Zika (what a parent needs to know)

Just last week, the CDC reported the first cases of Zika virus that were transmitted by mosquitoes in the United States. As of today, there have been a total of 15 cases identified in patients in Miami, FL. While Zika’s migration to the United States comes as no surprise, as the CDC has been monitoring for cases for months now, it is significant. Prior to these cases, there had been over 1,600 cases of Zika diagnosed in the United States, but these patients all acquired the virus while traveling in other countries.

I often find myself trying to stomp out panic, because people tend to get worked up over some pretty ridiculous things. But while panic is never useful, this virus is actually a reason to be concerned. There’s a lot we’re still not sure about, but let’s take a look at what we do know about Zika virus, why we should be concerned about it, and what we can do to prevent it.

The Zika virus was initially discovered in Ugandan monkeys in the 1940’s, and was first identified in humans in 1952. Since that time, the virus hasn’t tended to cause a lot of problems. The symptoms of infection are similar to a lot of other tropical, mosquito-borne infections—usually mild fever, headache, body aches, rash, or joint pain (if anything). Many infections go totally unnoticed, and the virus is very unlikely to require hospitalization. None of that sounds particularly scary.

The reason you’ve even heard of Zika virus is because there has been an increase in severe complications associated with this infection. The virus has been implicated in triggering Guillain-Barré syndrome, an auto-immune disease in which the immune system attacks the nervous system. This causes severe muscle weakness and can be fatal if it progresses to involves the muscles involved with breathing. And then in late 2015, there were reports from Brazil of a significant increase in the number of infants born with microcephaly, a condition involving under-development of the infant’s brain. Some of these cases are fatal, and those that aren’t will most likely have severe and permanent neurological problems. Many of these cases were later linked to transmission of Zika virus across the placenta from an infected mother. And that makes Zika a really big deal.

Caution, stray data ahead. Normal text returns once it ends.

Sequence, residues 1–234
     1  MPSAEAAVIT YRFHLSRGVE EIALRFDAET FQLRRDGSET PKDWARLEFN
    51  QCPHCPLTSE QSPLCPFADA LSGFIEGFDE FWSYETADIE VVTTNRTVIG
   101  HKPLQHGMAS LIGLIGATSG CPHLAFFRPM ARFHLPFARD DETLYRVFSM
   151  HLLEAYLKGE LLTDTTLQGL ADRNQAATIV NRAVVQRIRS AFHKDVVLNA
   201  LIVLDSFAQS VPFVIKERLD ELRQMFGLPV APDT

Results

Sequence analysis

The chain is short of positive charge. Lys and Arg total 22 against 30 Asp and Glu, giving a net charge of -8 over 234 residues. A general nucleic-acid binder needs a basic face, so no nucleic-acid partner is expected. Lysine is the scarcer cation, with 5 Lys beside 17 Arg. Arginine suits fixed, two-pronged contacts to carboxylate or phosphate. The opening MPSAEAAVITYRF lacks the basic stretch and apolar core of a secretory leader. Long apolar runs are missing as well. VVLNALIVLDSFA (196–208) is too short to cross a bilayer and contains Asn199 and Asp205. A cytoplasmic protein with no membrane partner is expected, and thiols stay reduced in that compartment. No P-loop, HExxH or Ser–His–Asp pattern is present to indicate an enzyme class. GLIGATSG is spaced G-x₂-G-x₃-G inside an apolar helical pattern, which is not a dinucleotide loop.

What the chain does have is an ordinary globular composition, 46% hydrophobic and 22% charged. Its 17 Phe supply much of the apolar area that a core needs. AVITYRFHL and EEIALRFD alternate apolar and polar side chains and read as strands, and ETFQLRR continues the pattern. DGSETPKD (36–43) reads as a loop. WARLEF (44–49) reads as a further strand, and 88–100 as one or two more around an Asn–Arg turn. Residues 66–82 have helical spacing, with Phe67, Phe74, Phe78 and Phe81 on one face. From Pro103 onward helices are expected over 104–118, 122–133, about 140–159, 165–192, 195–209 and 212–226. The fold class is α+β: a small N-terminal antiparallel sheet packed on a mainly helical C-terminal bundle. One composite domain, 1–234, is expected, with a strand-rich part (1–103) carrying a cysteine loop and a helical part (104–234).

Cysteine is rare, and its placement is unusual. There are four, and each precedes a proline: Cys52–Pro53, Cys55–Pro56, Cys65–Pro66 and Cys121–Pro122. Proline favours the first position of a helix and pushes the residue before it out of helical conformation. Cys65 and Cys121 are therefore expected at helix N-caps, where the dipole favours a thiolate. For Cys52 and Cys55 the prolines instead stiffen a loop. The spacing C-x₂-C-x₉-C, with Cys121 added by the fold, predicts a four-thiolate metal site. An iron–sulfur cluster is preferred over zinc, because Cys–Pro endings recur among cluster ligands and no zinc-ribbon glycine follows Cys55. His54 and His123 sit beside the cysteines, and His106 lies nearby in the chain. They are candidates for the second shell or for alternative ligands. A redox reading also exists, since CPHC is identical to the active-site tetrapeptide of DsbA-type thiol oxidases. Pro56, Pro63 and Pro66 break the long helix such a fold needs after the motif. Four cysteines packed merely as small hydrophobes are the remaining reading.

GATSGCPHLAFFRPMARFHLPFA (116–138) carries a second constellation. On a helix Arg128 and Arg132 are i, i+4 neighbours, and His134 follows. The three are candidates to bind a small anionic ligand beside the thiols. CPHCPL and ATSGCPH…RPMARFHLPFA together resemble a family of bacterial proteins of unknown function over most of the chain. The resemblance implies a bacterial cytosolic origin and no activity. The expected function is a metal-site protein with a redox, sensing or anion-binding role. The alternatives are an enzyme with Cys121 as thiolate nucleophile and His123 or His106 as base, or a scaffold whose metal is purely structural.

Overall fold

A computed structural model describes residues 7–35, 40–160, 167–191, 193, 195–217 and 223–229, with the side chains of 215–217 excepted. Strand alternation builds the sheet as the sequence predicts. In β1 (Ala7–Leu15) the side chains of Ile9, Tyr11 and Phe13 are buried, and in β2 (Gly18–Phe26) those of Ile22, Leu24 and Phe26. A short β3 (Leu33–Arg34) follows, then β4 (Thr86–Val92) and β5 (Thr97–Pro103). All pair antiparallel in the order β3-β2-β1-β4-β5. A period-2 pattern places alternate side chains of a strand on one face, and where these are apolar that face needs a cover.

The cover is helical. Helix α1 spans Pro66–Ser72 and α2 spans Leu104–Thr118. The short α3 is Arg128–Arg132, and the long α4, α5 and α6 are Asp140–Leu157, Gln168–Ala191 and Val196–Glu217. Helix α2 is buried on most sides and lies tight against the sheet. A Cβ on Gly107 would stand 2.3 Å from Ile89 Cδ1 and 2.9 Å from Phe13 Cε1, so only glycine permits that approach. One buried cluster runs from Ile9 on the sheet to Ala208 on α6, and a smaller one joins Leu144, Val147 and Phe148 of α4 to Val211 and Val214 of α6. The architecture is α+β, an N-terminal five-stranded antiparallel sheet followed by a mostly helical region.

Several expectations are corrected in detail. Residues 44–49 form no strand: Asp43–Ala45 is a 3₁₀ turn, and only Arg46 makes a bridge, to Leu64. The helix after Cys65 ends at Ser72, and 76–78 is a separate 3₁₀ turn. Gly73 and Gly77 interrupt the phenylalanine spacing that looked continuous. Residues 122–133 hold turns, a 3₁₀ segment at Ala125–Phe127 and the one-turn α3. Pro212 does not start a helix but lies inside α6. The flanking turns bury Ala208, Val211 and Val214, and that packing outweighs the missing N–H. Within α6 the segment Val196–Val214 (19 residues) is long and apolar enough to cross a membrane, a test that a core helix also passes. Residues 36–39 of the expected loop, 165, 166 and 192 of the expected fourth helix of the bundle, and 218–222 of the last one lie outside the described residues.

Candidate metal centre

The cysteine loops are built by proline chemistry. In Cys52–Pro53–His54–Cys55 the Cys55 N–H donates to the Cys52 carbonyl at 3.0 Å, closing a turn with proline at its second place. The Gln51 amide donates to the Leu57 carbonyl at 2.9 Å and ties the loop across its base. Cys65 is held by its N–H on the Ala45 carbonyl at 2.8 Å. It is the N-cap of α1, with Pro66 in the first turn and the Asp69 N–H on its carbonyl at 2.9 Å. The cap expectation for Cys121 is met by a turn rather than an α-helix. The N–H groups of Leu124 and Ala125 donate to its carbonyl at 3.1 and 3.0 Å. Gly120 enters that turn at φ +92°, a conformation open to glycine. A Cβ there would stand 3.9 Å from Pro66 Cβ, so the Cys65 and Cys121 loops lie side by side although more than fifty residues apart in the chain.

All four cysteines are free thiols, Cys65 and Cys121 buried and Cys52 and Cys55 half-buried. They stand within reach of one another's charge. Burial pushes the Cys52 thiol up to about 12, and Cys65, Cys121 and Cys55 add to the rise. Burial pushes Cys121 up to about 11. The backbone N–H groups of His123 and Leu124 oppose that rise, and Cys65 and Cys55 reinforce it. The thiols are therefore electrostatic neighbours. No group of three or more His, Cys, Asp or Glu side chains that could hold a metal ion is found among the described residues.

Zika virus is transmitted by a certain type of mosquitoes that inhabit much of the United States, as well as more tropical climates. Obviously, not every mosquito carries the virus, so the vast majority of mosquito bites will result in nothing more than an itchy bump. But when one of these mosquitoes bites someone infected with Zika virus, it can then transmit the virus to its next victim. Mosquitoes don’t tend to travel far, so the geographical spread of Zika virus grows because of human travel—someone travels to a different location (most likely unaware that they are infected), and gets bit by another mosquito who then transmits the virus to others.

Insect-borne infections aren’t new—there’s a wide array of diseases that are caused by parasites or viruses transmitted by mosquitoes, ticks, or other insects. What’s different about Zika (aside from the complications it can cause), is that is can also be transmitted sexually. This was first discovered in 2008 when a scientist who had been working overseas when he acquired the infection returned home and passed the virus to his wife by sexual contact. This is why people who have risk factors for Zika exposure, like travel to an area with reported infections, should avoid sex or be sure to use condoms–especially if their sexual partner happens to be pregnant.

As far as its own survival goes, Zika does a pretty good job. The fact that many people don’t develop symptoms plays a big role in promoting transmission, because people may be infected without realizing that they could be spreading the virus to others. (Contrast this with Ebola, which is spread by people who have already developed symptoms or died from the virus.) This trait—combined with the severe problems it can cause and the likelihood that it will continue to spread—makes it vital for us to do everything we can to limit the spread of this virus.

There are vaccines currently in the development and testing stages, but we’re a long way out from showing that these are safe and effective enough to use. This wouldn’t be the first time we’ve used a vaccine to prevent birth defects from an otherwise mild virus—the rubella vaccine is used for the same reason.

But until we have a better solution, we’re limited to good, old-fashioned bug bite prevention. One of the most important things you can do to limit your exposure to mosquitoes is to minimize any standing water around your home. These environments are where mosquitoes breed, so getting rid of them helps to keep the population under control. Chemical treatments are an option for small areas where people congregate (like the Rio Olympics that start this week), but are far too expensive to treat an entire state or country.